In the mirthful drama Molly Brazen, Annabelle the sex worker is baffled by the behavior and appearance of her young client, who seems to not actually want to have any sex; and as she interrogates him to discover his reasons why, his answers just get weirder and weirder.

The story was written as a promo piece for The Virgin and the Bull, but hints at many events from the then-to-be-written Steps of the Malefactor.

Technically, Molly Brazen contains no songs. However, the title of the story is reference to a sex worker character from The Beggar’s Opera, as well as a play on the old word for a homosexual (strictly speaking, molly is the 18th century equivalent of sissy).

In The Beggar’s Opera, there is only one song in which Molly Brazen would have participated: Youth’s the Season Made for Joys.

Youth’s the season made for joys,

Love is then our duty;

She alone who that employs,

Well deserves her beauty.

Let’s be gay,

While we may,

Beauty’s a flower despis’d in decay.

Let us drink and sport to-day,

Ours is not tomorrow.

Love with youth flies swift away,

Age is nought but sorrow.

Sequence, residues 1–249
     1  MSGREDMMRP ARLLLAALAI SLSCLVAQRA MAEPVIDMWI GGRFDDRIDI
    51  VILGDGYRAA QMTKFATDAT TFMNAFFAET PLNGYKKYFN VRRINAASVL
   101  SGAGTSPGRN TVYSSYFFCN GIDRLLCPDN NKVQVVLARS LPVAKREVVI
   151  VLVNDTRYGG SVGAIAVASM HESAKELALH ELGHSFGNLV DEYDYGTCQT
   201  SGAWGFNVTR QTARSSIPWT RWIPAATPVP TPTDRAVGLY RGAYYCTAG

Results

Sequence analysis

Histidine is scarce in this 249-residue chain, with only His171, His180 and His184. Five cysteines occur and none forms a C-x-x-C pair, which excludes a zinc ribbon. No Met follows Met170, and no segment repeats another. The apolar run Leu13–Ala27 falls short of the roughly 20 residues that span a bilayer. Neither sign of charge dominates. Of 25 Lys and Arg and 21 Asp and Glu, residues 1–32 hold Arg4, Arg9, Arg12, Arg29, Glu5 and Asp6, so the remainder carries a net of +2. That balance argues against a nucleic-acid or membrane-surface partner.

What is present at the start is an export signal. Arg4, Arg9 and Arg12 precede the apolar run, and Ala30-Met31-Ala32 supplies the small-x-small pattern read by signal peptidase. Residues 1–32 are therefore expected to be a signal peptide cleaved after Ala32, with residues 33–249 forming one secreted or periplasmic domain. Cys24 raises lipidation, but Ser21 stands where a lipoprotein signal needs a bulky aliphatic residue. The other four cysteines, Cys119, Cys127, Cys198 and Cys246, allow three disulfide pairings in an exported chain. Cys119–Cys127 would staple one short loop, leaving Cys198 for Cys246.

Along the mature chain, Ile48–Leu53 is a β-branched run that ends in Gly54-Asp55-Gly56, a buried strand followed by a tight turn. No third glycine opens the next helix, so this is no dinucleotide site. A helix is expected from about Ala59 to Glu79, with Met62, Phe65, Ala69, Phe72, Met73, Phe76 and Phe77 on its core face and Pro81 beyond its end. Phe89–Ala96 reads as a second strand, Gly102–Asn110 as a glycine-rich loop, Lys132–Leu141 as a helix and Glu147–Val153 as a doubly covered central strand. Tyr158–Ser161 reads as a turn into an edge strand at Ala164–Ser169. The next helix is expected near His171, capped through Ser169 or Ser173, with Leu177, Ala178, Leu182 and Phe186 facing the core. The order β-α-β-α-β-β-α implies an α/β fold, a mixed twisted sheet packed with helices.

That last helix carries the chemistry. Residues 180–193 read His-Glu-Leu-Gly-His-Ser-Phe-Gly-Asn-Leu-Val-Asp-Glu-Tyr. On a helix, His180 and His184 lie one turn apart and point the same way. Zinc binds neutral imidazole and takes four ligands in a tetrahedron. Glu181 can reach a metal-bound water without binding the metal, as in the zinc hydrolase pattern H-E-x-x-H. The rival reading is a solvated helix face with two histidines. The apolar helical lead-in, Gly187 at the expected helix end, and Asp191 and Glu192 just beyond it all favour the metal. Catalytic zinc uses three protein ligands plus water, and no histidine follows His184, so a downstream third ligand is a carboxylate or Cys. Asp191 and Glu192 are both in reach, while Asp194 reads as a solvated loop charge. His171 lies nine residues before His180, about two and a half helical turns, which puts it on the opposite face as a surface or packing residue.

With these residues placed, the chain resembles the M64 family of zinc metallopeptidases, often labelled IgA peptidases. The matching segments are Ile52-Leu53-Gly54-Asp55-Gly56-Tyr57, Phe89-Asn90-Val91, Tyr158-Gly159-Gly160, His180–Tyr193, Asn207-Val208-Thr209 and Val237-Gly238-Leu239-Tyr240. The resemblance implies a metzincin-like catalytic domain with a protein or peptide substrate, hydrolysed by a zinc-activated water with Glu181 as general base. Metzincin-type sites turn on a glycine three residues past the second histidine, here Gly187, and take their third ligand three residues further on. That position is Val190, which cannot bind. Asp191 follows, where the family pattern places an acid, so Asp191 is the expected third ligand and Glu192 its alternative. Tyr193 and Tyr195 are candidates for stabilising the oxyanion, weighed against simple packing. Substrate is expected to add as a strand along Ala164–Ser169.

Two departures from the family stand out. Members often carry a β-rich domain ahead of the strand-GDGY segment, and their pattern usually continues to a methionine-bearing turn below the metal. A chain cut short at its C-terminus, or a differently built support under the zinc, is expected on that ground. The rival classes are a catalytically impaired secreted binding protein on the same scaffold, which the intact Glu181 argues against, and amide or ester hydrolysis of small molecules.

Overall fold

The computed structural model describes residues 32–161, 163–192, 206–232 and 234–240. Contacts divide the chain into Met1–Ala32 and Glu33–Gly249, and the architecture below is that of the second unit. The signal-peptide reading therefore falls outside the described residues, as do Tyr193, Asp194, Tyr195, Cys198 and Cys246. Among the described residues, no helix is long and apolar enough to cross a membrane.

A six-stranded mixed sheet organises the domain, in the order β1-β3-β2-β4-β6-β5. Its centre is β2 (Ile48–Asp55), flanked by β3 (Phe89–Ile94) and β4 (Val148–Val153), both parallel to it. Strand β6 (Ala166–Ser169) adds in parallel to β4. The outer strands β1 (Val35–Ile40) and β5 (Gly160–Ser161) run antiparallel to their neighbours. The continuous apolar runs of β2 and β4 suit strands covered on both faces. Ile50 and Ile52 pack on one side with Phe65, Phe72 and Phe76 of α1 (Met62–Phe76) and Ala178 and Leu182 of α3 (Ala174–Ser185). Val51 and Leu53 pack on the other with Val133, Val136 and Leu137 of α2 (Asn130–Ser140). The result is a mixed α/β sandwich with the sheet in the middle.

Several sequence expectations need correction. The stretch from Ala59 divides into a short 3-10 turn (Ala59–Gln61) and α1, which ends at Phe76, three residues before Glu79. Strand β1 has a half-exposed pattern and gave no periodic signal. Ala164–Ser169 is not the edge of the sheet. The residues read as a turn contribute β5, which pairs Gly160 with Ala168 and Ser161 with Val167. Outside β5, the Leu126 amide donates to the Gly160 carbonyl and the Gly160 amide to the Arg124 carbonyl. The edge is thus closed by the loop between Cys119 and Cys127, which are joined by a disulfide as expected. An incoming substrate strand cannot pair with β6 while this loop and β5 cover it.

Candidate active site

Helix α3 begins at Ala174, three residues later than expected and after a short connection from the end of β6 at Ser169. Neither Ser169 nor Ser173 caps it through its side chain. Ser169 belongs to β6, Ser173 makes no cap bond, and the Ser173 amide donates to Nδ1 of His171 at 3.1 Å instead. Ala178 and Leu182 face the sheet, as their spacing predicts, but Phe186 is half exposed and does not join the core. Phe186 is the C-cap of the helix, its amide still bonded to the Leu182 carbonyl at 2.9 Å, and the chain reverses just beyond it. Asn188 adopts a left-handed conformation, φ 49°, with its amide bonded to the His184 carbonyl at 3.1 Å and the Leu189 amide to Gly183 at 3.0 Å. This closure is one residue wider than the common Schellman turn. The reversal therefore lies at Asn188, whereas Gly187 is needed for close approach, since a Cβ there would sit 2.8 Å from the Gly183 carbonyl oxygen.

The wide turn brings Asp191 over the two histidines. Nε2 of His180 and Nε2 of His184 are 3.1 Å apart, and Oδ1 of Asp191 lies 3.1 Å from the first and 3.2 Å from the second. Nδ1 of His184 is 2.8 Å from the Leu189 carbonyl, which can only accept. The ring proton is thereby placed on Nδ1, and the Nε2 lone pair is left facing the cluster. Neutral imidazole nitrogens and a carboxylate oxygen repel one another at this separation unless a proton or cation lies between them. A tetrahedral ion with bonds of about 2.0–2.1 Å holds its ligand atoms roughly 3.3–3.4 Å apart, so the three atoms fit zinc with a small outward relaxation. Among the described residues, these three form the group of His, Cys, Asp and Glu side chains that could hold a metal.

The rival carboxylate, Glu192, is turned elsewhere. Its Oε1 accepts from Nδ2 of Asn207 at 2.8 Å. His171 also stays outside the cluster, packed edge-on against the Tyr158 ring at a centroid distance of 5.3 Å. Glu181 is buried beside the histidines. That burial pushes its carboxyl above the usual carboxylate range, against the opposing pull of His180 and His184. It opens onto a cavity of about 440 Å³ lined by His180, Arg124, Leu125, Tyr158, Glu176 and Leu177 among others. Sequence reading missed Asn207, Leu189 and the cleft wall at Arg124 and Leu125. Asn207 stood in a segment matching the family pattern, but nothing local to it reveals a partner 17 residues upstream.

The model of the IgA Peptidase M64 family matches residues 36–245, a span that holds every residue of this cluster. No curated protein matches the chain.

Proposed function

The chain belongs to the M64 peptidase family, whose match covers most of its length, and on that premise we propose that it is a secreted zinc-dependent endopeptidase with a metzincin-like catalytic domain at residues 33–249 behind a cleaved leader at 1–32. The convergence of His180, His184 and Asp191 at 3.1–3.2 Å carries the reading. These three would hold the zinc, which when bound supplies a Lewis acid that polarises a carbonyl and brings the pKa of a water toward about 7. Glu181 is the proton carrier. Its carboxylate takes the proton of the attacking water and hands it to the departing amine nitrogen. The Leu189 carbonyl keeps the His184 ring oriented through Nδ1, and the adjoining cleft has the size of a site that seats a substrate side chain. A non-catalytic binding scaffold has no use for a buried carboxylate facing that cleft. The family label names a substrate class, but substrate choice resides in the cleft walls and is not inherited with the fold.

Dance and sing,

Time’s on the wing,

Life never knows the return of spring.

As with all songs from The Beggar’s Opera, author John Gay wrote the lyrics himself, but set them to an existing melody. In this case the song used was merely called “cotillion” — perhaps just an instrumental dance piece for which he created words. In the surrounding dialogue it’s referred to as a “French tune.”

The setting for this performance in The Beggar’s Opera is in a whorehouse, as is too the entire story Molly Brazen. There is consequently a bit of irony in its verses on fleeting love and hurrying to “drink and sport” as, like waiters at a restaurant table, the whores surely want to move along to their next client. 

THE VIRGIN AND THE BULL & SWEET WILLIAM

Though a man of science, hero Charles Macgregor shows a great interest in poetry and literature, which proves to be what binds him to the gorgeous but troublesome Constance Fawkes. The tragic noir romance of The Virgin and the Bull opens with Macgregor’s suicide note, in which he quotes some lines from a song that is stuck in his head as he prepares himself for death.